Improving sexual assault and harassment prevention first requires evaluating and improving the capacity of organizations implementing prevention programming (e.g., MSAs and civilian colleges and universities). Organizational functioning, or capacity, refers to an organization’s ability to function effectively and productively on a daily basis and to implement the work necessary to reach the organization’s stated goals. During the early stages of this work, we cross-examined several frameworks dedicated to guiding the implementation of evidence-based prevention initiatives to identify several areas of organizational functioning or capacity important for sexual assault prevention. The frameworks reviewed included the Department of Defense’s Prevention Plan of Action, the Getting to Outcomes model, the R=MC2 Organizational Readiness model, and the CDC’s Five Pillars for Comprehensive Sexual Assault Prevention. Components of organizational capacity highlighted by these frameworks included the importance of leadership support, workforce support, collaborative relationships, proper data collection and evaluation procedures, and sufficient resources.
We then translated these organizational components into a set of criteria that could be used to assess how closely an organization aligns with these best practices. An additional set of criteria was created to evaluate individual prevention activities based on the principles of effective prevention. These two sets of criteria were the basis for a manual first developed to guide MSAs in assessing their own sexual assault and harassment prevention efforts (the manual was first devised for military sites given the already-established relationship between the Wandersman Center and SAPRO). This manual was pilot tested at several MSAs. A parallel version, designed to be more appropriate for civilian colleges and institutions, was then created. This translation was reviewed by prevention staff at several universities across the country who provided comments for how to improve the manual, which led to revisions and improvements to increase adoption, offer additional information and support for users, and provide guidance for adapting the manual to fit specific contexts.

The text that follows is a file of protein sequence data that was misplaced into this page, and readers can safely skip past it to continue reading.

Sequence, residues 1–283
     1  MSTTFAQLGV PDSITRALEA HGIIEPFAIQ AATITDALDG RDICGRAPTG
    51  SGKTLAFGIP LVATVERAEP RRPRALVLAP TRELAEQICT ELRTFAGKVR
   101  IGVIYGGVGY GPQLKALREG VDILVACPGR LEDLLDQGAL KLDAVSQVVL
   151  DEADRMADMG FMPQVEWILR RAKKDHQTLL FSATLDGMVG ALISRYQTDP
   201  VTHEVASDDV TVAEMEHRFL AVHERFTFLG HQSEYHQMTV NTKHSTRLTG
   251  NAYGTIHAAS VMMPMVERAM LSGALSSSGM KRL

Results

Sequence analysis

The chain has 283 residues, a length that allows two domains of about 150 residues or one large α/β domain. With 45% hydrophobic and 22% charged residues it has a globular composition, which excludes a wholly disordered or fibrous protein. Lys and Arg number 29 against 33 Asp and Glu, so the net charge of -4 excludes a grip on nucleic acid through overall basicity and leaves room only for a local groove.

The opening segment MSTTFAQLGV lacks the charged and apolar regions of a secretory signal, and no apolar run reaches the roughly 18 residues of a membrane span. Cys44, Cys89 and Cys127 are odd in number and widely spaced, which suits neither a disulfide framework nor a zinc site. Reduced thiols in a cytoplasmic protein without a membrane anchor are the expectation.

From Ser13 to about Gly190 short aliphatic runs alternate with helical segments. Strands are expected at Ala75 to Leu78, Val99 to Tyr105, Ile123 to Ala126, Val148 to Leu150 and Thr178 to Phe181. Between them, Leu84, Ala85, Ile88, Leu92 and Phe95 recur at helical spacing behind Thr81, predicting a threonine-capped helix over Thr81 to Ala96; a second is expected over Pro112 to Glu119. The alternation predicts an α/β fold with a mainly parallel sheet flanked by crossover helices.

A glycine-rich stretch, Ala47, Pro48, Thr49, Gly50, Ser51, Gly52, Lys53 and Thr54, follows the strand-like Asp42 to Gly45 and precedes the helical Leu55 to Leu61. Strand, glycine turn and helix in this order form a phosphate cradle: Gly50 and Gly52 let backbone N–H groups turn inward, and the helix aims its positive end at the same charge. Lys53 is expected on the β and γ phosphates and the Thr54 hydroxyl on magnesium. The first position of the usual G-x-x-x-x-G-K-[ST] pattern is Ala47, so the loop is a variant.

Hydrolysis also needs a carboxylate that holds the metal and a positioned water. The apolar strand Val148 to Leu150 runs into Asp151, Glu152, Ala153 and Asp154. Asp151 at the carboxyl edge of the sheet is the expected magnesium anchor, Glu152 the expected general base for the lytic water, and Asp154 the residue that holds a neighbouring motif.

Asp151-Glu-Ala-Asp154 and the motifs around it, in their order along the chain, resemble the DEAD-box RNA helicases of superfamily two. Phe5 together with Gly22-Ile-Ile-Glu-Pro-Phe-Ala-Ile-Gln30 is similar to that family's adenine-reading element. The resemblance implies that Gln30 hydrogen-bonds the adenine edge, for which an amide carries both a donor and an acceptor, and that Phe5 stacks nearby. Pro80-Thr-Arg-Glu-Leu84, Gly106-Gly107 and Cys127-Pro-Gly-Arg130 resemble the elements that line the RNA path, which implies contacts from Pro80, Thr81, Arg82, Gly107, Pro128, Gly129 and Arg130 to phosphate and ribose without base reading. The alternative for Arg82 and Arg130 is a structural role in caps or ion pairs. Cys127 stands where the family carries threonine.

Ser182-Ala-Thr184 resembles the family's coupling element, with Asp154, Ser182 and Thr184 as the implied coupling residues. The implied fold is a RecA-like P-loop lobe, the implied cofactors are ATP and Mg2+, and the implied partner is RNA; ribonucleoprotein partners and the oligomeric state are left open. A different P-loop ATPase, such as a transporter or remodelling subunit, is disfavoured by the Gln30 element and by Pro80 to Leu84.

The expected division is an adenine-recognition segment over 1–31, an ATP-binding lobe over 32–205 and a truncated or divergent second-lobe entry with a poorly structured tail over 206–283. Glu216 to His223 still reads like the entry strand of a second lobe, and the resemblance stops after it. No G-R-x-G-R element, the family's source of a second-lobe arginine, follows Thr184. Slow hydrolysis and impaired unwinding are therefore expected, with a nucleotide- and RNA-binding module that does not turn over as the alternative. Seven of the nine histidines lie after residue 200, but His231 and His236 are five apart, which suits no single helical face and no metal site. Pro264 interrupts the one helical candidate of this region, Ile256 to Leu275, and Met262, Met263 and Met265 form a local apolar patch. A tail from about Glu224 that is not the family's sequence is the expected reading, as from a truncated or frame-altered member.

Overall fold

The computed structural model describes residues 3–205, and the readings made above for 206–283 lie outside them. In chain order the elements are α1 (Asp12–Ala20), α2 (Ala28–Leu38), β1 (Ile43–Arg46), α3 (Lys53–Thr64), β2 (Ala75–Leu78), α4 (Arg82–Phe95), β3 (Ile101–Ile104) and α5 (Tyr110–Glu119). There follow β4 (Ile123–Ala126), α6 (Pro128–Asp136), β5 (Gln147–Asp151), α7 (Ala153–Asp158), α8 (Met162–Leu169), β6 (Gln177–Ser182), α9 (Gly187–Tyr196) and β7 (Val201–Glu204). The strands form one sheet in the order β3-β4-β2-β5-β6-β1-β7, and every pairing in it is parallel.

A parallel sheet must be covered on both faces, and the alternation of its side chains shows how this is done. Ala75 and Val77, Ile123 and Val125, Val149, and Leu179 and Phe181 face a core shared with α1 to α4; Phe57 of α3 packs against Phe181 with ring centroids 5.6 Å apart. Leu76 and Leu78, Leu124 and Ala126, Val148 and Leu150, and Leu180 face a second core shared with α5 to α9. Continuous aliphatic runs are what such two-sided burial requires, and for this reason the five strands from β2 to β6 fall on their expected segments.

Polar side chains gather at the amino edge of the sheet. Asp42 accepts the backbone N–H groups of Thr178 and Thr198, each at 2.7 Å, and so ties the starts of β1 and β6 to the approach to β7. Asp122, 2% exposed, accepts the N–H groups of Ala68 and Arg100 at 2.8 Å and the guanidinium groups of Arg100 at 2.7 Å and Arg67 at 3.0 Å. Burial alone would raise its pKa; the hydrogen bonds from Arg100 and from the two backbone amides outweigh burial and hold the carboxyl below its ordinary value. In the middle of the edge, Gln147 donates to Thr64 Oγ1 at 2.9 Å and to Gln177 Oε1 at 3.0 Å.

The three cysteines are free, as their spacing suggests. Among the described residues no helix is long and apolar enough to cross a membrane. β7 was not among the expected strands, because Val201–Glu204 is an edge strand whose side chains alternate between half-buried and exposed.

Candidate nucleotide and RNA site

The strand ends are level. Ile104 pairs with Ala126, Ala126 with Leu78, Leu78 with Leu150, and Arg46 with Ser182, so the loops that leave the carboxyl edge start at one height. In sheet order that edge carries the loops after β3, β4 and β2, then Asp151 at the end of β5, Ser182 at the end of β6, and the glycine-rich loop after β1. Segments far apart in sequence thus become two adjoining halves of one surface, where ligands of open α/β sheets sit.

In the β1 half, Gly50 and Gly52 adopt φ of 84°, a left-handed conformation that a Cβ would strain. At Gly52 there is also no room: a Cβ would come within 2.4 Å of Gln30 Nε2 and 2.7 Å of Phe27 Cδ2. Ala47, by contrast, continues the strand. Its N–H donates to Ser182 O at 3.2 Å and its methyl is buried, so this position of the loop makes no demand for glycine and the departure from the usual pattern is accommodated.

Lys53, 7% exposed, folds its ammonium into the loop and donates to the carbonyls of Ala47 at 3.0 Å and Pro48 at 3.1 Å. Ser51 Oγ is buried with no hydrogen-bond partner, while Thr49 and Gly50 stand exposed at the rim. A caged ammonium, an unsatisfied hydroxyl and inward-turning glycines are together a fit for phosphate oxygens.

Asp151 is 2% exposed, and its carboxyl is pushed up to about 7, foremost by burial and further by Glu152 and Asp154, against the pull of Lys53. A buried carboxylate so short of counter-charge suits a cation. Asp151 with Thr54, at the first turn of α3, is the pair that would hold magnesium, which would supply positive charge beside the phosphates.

University Self-Assessment Guide
The resulting product is a step-by-step instruction manual providing university prevention staff and leadership with guidance on how to assess their institution’s adherence to 65 criteria that represent best practices in prevention at both the organizational and activity levels. This manual walks users through how to form an interdisciplinary working group, facilitate group functioning, gather data on prevention efforts, apply the criteria, and ultimately generate recommendations for improvement. A graphic from the guide detailing the seven steps in the self-assessment process can be seen below, as well as an illustration of the approximate timeline for completing
While the university manual has yet to be piloted, it is intended to increase university stakeholders’ knowledge of best practices in prevention programming and empower them to assess how closely their efforts toward sexual assault and harassment prevention align with these practices. These efforts to improve institutional knowledge, evaluation, and action may be our best hope at reducing rates of sexual assault and harassment.
The University Self-Study Guide will be available for free download on the RAND website soon. We will provide a new blog when it comes out, which will include a link to access the guide.